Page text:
This is the last in the line of posts relating to the accident and subsequent disaster that befell five men roughly 100 km’s east of Ballidu in Western Australia. It occurred roughly a couple of years after the end of the Great War.
For those that haven’t read the previous three posts building up to this final point, it might pay to read them first. As such, here they are.
On with the fun.
The nausea that started after twenty yards quickly became vomiting, Jacks vision began to blur, it was then that the convulsions began………..
…………..Laying on his side, spots then darkness clouded his vision; ears ringing, racked in pain, the dog poison taking full effect, Jack Bridgeman was shoved into unconsciousness, then slowly nudged into death. The gathering ant’s and flies thought it was Christmas.
South of Jack, north of Albert, the fire that had escaped Harry was now a flaming run away train of death. Willy willy’s of fire leapt around from ground to bush, weaving and circling, ranging from six to thirty feet in height. Smoke billowed, blotting out the sun, the fire front stretching east to west by about a mile and spreading, heading southward at a blistering rate, everything in its path reduced to ash in moments. Heat sapped all moisture from the air, leaving Harry Smart entirely helpless to do anything other than to continue jogging east away from it, watching hell erupting to the south over his right shoulder with fearful dread fascination. Water bag, rifle, and flour bag bouncing along with every stride he made.
Using the matches from the flour bag tied off at his waist, Albert Smart lit a small fire, a call for help moonlighting as a beacon of hope, and then set about trying to straighten his leg. Swatting away an atrocious barrage of flies, and slapping meat ants away with a small leafy branch torn from a salt bush, Albert took two deep breaths and dragged himself into a fully seated position, his body now ‘L’ shaped; sweating profusely. Using the butt of his rifle, he pushed against the sole of the boot at the end of his grotesquely broken leg, an attempt to get it vaguely back in line. Pain returned in grotesque pulsating waves, bringing nausea with it, changing tack, he loosened the loop of his hobble belt come tourniquet, and feed the butt of the rifle between it and the deformed leg, catching the belt on the trigger guard, and slid the leather toward the ankle, slowly pressing the hurt limb painfully around, bringing the lower leg back into as near alignment as he could take. The pain it caused him more excruciating than words could describe. Swallowing bile Albert fought another bout of nausea, suppressing a scream, and quietly pressed back the pain once more. Again with the butt of the rifle, he began to bring his belt back up his now much straighter leg within arm’s reach, catching it, he undid it, pulling it out from beneath his thigh. Loading then firing the rifle three more times into the blue merciless sky, and slipped into the relief of unconsciousness. His fire slowly burning out over the space of the half hour that followed. – With a terrifying start, he awoke to a cascade of falling ember’s, choking in an atmosphere that was more smoke than air, Albert could see no more than two or three feet in any direction, snippets of burning scrub flickering through the smoke, both burning his eyes and scalding his throat. Heat so intense, all sweat had evaporated from his body, and blisters started appearing on the exposed area’s of his skin. A minute or two later, all oxygen had been sucked from his lungs and the air around him; he was fortunate enough not to feel his hair singe, unconsciousness seizing him in preparation for the grizzly charred burning death that was minutes away. Harry’s run away fire had reached him.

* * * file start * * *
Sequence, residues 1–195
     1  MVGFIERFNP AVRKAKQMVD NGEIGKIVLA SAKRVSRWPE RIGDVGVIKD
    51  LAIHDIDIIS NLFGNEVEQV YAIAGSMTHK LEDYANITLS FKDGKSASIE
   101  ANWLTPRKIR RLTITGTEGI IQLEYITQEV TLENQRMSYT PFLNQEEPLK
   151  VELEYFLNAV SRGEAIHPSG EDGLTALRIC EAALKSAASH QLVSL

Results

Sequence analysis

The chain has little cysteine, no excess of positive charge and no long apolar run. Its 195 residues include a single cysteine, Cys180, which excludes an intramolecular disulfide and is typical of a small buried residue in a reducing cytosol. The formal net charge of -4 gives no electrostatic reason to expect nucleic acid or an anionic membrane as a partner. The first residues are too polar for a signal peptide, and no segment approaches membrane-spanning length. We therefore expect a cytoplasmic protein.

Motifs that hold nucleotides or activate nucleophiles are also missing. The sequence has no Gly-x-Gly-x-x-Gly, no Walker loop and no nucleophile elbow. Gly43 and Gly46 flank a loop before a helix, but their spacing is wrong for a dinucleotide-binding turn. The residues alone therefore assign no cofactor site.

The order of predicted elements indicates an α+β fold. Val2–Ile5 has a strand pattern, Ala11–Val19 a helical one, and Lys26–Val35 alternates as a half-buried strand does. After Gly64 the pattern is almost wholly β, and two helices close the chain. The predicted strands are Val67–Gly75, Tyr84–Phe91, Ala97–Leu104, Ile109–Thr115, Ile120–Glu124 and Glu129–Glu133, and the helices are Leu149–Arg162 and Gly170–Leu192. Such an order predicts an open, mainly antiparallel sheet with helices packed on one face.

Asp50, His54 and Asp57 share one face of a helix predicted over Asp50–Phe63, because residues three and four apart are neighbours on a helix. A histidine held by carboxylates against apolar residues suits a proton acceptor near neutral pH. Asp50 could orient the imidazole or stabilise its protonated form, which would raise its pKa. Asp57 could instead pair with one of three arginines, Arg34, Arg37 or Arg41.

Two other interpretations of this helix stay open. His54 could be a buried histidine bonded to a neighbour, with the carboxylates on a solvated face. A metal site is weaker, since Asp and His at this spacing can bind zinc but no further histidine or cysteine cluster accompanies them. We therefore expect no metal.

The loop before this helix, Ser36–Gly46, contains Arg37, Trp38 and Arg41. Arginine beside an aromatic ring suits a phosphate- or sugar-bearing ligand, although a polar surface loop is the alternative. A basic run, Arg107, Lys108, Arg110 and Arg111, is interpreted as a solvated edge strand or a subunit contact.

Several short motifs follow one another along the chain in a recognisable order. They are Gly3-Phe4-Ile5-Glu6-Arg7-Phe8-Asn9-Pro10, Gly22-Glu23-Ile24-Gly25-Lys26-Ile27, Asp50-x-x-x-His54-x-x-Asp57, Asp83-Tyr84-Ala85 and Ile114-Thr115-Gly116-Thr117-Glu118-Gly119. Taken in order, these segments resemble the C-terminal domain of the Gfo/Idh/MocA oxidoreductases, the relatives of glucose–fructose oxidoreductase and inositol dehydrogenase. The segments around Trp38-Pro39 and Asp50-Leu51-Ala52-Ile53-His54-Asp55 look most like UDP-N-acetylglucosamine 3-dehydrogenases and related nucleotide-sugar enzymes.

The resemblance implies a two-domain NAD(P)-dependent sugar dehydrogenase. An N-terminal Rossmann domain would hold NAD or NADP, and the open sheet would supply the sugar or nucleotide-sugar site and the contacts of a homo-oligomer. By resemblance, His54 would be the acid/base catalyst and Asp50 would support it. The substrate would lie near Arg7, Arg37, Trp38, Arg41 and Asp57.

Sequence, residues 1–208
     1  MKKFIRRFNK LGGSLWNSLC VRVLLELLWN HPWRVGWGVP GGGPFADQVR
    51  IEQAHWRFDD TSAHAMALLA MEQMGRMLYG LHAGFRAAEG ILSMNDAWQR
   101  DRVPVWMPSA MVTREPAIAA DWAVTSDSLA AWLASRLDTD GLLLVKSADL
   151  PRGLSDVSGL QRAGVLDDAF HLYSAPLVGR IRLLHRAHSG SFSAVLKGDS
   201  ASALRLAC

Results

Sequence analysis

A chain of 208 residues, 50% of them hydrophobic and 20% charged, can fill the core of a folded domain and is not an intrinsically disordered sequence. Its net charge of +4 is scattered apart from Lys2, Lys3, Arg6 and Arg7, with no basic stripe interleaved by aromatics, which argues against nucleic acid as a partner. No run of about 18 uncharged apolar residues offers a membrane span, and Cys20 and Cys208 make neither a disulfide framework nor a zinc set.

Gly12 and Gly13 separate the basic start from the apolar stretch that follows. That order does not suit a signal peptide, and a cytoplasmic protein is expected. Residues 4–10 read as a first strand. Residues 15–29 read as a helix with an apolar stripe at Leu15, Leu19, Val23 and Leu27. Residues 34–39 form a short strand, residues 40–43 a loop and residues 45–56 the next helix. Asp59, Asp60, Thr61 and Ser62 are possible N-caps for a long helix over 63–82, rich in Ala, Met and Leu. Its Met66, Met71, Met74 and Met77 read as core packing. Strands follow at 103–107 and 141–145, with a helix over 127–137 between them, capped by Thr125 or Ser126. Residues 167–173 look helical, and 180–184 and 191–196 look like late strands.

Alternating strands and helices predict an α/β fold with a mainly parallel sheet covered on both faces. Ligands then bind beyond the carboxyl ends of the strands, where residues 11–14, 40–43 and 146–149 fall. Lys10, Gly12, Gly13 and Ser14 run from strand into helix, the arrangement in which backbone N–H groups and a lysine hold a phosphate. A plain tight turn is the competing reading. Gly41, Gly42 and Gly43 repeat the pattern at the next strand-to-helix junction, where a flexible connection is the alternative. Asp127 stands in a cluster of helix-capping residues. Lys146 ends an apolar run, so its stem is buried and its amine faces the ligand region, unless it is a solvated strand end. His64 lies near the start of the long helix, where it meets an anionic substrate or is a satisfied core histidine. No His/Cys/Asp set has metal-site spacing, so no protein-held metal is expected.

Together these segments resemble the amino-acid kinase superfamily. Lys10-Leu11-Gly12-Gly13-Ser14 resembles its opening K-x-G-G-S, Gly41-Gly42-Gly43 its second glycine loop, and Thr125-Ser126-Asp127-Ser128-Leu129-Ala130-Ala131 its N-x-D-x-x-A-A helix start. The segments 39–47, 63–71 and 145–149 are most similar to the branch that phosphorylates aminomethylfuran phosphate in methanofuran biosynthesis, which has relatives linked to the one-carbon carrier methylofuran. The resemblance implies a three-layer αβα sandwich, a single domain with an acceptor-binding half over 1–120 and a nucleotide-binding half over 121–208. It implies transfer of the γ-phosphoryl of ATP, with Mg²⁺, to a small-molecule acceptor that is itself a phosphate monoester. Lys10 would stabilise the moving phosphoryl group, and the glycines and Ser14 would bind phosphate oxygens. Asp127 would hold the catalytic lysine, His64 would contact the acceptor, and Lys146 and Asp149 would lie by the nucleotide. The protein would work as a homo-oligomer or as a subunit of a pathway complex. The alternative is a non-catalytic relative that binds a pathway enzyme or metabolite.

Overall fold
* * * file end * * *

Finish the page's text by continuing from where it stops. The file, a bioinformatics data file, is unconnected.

The fat lady sang.
“Gordon, is that smoke out east there?” said Fred Chapman to his neighbour as they replaced the cups on the shared windmill. Their meeting more to discuss and inspect a boundary fence and straying stock, than to repair a windmill.
Stopping, turning his head in the general direction mentioned, Gordon Wilkins confirmed the statement.
Placing tools back into respective saddle bags, the station owner’s both strode to their wiry horses.
“I’ll head south to my place, and send my boys to alert the neighbours. I’ll pick up the other hands, and head straight out there.” Stated Gordon.
“Righto mate, I’ll head back to my place, get my lads to do the same, and bring the men in then head there. Meet, you at the western most point of the front.” said the tight lipped Fred.
Spurs and flanks met.
Three days had passed between the sighting of smoke and finding the near dead Harry Smart. Chronically dehydrated, starving, yet with only minor burns, it took a good couple of hours of sipping cold black tea and mouthful’s of greasy tinned dog for Harry’s story to finally start making sense. His obvious concern for his two missing mates giving rise to the exhausted lads about him, yet, they all separated, and going from the directions told, three men moved north from the burnt remains of the rolled Chev truck on the tracks of Jack Bridgeman. Two heading south from the same point.
Crow’s gave away Jacks position within half an hour of the riders departure, it took two days more to locate the burnt remains of Albert Smart. Albert’s lower leg cooked in gruesome malalignment, his rifle remained charred beside him. Ironically, neither waterbag had lost much water, and were roughly three quarters full when they found Jack. After the attentions of heat, ants and crows, the majority of his flesh was missing, his bones showing startling white against the bush and the drab and dirty work clothes he perished in.
Harry never returned to the Rabbit Proof Fence, and headed north to settle around Mingenew.
Poor bastards. Anyway, click the picture up yonder, there’s a ‘Duquesne Whistle’ blowing.
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